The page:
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Music Review: Elton John – Goodbye Yellow Brick Road

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1973 was a good year for Elton John. January found him releasing Don’t Shoot Me I’m Only The Piano Player. It sold millions of copies as it and its lead single, “Crocodile Rock,” both reached Number One on their respective American charts. It established him as a formidable creative and commercial presence.

Ten months later he returned with his grand opus.

Goodbye Yellow Brick Road would ultimately become one of the best-selling studio albums in music history, confirming Elton John's status as one of pop music's leading superstars.

Elton John has issued close to forty albums but this may be his most famous. It was originally released as a double album and is a rare effort where the quality of music actually warrants two discs. As such it is a sprawling affair that ranges from tender, simple ballads to all-out rock ‘n’ roll. Many of its songs still receive radio play today and are among the most famous in pop history.

The album is fueled by three memorable songs that became successful singles. “Bennie and The Jets” marked his second release to top the singles charts. Its staccato rhythm and almost jazz-type vocal help it endure as one of his his signature songs. The title track is a grand ballad and seventies music at its best. “Saturday Night’s Alright For Fighting” just rocks from beginning to end. I saw Elton John perform this song live a number of years ago and it was the highlight of the concert.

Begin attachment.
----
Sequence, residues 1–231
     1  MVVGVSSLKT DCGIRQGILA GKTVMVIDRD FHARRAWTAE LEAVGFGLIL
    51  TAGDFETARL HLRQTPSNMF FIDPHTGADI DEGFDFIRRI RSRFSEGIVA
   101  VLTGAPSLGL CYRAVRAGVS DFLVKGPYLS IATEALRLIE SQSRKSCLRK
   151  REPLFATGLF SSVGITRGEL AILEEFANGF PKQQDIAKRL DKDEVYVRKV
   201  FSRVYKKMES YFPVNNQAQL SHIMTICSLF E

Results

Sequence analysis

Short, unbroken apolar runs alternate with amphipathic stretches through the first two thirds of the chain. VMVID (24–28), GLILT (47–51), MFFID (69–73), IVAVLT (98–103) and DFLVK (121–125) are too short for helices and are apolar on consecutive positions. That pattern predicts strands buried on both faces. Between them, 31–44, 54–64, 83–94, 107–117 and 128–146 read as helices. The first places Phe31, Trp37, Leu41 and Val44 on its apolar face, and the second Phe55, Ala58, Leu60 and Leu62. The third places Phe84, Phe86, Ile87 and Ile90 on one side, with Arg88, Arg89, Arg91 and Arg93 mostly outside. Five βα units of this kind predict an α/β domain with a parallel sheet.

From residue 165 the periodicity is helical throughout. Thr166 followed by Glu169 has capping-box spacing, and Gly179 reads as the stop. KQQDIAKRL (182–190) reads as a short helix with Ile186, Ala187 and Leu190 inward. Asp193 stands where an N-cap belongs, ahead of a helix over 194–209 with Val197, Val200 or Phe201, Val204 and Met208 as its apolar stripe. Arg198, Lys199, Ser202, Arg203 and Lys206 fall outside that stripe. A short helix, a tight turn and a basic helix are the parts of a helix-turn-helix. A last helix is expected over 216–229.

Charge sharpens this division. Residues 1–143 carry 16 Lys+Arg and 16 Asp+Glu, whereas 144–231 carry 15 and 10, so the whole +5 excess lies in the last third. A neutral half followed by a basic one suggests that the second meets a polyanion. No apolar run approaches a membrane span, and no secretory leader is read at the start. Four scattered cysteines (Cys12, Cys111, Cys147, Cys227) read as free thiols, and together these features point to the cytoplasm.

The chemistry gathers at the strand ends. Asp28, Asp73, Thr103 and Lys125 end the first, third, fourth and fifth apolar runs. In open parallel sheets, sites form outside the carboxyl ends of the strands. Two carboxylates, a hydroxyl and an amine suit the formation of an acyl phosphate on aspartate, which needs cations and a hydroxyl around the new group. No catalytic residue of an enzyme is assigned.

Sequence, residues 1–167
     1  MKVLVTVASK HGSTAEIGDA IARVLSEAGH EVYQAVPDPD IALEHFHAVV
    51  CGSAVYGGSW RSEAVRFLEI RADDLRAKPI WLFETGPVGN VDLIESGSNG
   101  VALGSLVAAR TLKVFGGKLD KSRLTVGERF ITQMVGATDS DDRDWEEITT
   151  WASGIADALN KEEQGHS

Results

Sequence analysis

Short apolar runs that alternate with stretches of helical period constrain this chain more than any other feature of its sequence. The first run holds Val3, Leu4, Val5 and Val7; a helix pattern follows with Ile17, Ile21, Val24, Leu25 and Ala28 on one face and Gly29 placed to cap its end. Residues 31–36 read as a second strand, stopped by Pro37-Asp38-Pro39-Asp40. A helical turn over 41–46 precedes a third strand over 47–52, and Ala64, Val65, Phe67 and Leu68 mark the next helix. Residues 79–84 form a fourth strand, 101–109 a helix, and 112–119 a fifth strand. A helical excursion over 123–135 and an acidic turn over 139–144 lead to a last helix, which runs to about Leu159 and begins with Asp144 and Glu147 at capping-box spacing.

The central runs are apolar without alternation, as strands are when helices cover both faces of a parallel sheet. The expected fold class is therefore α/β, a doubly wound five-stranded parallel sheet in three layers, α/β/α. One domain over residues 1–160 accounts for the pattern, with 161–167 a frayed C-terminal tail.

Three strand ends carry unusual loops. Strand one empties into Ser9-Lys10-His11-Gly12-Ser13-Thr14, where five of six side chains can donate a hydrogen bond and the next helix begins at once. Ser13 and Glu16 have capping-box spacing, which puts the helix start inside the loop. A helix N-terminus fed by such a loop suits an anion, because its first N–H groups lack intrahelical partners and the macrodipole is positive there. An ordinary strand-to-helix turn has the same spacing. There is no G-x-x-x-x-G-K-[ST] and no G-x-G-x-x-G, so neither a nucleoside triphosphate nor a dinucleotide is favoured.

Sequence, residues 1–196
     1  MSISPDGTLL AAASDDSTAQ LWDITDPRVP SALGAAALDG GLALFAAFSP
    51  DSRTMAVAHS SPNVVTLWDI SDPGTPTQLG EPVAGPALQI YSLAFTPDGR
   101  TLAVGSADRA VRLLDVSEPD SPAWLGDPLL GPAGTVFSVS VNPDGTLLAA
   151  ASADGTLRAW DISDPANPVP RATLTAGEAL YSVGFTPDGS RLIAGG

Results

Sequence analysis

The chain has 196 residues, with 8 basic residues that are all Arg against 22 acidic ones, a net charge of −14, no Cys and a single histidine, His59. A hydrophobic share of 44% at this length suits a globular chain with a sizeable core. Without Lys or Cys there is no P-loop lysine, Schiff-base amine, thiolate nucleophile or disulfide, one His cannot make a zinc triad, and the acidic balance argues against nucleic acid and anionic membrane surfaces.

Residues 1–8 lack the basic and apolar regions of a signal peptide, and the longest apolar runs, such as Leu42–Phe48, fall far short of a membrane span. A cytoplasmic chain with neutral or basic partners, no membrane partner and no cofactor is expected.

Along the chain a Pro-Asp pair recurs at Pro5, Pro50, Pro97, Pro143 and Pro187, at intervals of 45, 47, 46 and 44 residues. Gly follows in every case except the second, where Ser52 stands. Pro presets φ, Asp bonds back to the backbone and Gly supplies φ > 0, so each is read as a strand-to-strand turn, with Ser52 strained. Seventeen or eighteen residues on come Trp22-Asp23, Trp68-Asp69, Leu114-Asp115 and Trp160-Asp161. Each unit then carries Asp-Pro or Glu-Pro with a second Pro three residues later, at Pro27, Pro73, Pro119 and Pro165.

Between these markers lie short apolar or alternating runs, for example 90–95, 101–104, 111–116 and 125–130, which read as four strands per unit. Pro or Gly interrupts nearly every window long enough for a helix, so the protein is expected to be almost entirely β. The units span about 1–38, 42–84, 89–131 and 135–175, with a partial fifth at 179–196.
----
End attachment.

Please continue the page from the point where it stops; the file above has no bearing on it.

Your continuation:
“Candle In The Wind” received a lot of airplay at the time of the album's release. This gentle and sensitive ballad was a tribute to Marilyn Monroe, yet in 1997 it was re-worked as a tribute to Princess Diana and became one the biggest-selling worldwide singles in history.

The album contains a number of other strong tracks as well. “I’ve Seen That Movie Too” is bluesy, mellow, and brilliant soft rock. “Your Sister Can’t Twist (But She Can Rock ‘n’ Roll)” is a nostalgic trip back to the days of sock hops. The opening track, “Funeral For A Friend/Love Lies Bleeding” checks in at over eleven minutes and is one of the longer recordings of his career. The instrumental introduction segues into a song about the end of an affair. The song's length allows him to stretch and experiment as the music ebbs and flows. Finally, “Roy Rogers” is a cinematic tribute to old television heroes and movies.

Elton John’s career and music flow through this album. Goodbye Yellow Brick Road remains one of the classic releases in pop history and is still more than worth the price of admission.

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